NS: I wish I’d had running to calm me during that year. The running rhythm soothes me as if the Earth is rocking me.
Left foot. Right foot. Left foot. Right. Arm swing. Body sway. Foot on ground.
I don’t know if there’s science behind it, but I imagine it’s similar to therapies that use tapping and eye movement. I can almost feel the rhythm rewiring my brain.
Sweat heals too. Running elevates the heart rate and the blood pressure, pumping oxygen to the brain. Losing so many loved ones in such a short period of time would still have jolted my family in unfathomable ways and aggravated my mood disorder, but running could have provided solace I didn’t have.
BJB: “According to a study in the British Journal of Sports Medicine, running triggers endocannabinoids, the neurotransmitters stimulated by marijuana. A later study in Proceedings of the National Academy of Sciences confirmed this. With runners high, the world is fine.” You also write, “It just feels good to be moving.” For someone who is depressed and perhaps lethargic, what is your advice for getting beyond the difficulty of beginning to move in the first place?
NS: Choose a tiny goal, one so small it will be nearly impossible to fail. Run for sixty seconds. That’s what I did. Walk around the block or down the street and back. Some days, just get out of bed.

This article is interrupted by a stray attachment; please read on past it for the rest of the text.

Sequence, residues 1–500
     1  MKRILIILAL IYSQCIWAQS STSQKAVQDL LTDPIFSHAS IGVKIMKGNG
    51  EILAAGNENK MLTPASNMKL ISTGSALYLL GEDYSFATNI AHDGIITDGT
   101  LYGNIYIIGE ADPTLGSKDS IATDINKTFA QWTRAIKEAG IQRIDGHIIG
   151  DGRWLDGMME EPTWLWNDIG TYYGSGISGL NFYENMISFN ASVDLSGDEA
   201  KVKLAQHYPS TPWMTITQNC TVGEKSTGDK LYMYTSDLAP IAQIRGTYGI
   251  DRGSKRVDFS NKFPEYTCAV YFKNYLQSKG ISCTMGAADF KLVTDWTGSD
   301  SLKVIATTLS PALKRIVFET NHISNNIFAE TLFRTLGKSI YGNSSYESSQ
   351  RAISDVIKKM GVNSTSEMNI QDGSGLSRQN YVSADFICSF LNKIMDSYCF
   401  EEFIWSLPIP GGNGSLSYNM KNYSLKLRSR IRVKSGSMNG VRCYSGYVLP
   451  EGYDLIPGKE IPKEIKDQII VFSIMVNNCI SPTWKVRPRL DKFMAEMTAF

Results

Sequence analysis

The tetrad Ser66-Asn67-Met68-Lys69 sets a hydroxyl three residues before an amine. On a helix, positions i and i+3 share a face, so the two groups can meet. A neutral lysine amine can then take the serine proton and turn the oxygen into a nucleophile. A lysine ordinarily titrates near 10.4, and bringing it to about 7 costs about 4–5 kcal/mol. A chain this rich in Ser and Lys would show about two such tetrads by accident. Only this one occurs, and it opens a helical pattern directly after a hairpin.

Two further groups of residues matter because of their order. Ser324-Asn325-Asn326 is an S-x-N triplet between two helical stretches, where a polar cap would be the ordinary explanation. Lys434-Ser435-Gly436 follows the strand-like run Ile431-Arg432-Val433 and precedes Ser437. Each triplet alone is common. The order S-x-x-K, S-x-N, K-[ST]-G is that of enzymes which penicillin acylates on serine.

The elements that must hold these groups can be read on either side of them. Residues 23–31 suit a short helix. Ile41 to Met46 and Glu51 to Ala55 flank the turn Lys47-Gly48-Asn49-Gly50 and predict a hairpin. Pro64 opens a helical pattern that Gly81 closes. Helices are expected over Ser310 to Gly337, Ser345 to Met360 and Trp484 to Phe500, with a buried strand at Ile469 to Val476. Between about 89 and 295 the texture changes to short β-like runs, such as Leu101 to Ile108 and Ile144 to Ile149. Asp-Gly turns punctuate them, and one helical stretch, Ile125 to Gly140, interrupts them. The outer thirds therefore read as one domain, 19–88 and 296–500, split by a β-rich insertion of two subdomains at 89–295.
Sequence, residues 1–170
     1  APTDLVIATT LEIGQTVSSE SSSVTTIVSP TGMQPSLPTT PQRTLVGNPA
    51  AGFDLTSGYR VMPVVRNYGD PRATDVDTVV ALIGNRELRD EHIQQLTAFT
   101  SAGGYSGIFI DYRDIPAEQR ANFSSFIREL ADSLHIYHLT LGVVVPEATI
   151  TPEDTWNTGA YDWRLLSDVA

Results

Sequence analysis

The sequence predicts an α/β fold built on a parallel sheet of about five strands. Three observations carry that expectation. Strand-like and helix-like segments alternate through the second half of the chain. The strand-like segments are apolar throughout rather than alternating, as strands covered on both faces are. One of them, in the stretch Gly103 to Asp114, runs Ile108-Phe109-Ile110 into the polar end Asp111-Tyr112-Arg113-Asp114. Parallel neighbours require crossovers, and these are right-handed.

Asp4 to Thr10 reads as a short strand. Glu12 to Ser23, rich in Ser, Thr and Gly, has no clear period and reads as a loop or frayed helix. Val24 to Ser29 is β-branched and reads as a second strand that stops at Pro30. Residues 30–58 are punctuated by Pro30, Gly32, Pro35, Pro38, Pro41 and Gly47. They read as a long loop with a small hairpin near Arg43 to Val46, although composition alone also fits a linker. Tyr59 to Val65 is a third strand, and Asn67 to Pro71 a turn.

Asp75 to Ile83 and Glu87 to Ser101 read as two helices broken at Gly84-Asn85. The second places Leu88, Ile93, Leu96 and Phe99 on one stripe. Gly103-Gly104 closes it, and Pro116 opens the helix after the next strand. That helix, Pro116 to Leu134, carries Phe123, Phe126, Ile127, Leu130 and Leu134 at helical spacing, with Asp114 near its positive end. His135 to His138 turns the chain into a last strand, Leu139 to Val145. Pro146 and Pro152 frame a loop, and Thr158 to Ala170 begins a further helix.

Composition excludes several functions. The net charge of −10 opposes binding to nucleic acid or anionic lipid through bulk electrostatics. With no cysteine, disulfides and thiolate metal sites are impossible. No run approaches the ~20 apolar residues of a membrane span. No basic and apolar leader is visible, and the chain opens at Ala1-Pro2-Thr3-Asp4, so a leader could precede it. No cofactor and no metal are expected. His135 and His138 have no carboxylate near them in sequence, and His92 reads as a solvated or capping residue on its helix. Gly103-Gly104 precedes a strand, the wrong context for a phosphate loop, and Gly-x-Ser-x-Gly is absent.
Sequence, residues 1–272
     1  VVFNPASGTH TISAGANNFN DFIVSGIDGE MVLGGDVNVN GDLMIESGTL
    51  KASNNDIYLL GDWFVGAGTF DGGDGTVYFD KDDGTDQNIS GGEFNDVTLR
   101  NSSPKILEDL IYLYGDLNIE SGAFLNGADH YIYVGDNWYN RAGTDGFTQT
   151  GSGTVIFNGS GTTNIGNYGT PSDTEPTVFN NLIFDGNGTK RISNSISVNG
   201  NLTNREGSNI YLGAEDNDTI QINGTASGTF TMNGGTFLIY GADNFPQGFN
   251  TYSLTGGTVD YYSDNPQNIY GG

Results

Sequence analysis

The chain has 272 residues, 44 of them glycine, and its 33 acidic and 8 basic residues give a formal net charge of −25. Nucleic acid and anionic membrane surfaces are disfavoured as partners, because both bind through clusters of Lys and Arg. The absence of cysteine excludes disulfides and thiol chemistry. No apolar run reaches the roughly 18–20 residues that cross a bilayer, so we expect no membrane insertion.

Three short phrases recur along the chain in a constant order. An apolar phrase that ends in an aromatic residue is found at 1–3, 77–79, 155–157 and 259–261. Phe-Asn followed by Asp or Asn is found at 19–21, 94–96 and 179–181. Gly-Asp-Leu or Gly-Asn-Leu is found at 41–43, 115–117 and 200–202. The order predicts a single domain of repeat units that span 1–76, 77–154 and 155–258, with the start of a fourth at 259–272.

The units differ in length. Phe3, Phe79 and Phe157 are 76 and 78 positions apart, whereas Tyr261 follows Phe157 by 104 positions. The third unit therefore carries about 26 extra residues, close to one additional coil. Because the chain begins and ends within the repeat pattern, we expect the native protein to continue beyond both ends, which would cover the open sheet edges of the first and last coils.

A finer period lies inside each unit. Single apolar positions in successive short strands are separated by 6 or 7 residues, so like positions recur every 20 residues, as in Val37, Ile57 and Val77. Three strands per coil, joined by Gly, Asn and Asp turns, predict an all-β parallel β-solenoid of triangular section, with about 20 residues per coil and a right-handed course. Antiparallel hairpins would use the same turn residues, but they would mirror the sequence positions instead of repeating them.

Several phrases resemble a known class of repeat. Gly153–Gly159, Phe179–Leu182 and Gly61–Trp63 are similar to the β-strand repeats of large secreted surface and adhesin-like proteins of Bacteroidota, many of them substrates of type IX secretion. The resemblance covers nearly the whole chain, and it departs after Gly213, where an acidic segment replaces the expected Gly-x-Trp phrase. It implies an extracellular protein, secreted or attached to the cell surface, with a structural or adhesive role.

But I’ll be honest. I’m not sure this impulse is something one person can transmit to another. I can tell my story, share my experience, but unless the person hearing it is ready to take action, it will fall on deaf ears. I heard the message for years, decades even, but until I’d had enough, nothing got me out the door.
BJB: I love the honesty in Depression Hates a Moving Target, specifically when you describe your first Steps for Sarcoma 5k and wore a tank that read “If found on ground, please drag across finish line.” You write about feeling self-conscious. What do you suggest for a beginning runner to reduce the feeling of being self-conscious?
NS: Sneak up on your fear. Face the thing, but do it in gradual increments.
I didn’t believe doing what I feared would help and I didn’t want to hear that, but that has been the best cure.
I spent months desensitizing myself by running and “hanging out” with runners in online groups. Despite reassurance, I showed up to that first 5k certain I would be the oldest, largest, slowest person at the race. Nope. I was somewhere in the middle — a runner among runners. It was surprising, refreshing, and reassuring to find such variety. Plus, I ran in public and lived to tell about it! No one could have convinced me.
I had to show myself.
BJB: For various reasons, we often choose to go through situations alone. Running is a private thing, but how important is a runner’s group?
NS: I’m an off-the-scale introvert so I need a lot of alone time, but I also need structure and support. I need a schedule, a training plan, and water jugs on the trail. I need to not run alone in places where it might be unsafe.
I joined the group for structure, but found I enjoyed the fellowship, peer pressure, and camaraderie. It definitely pushed my edges, but the group has a marching band kind of team feel. We’re all together, but each doing our own thing.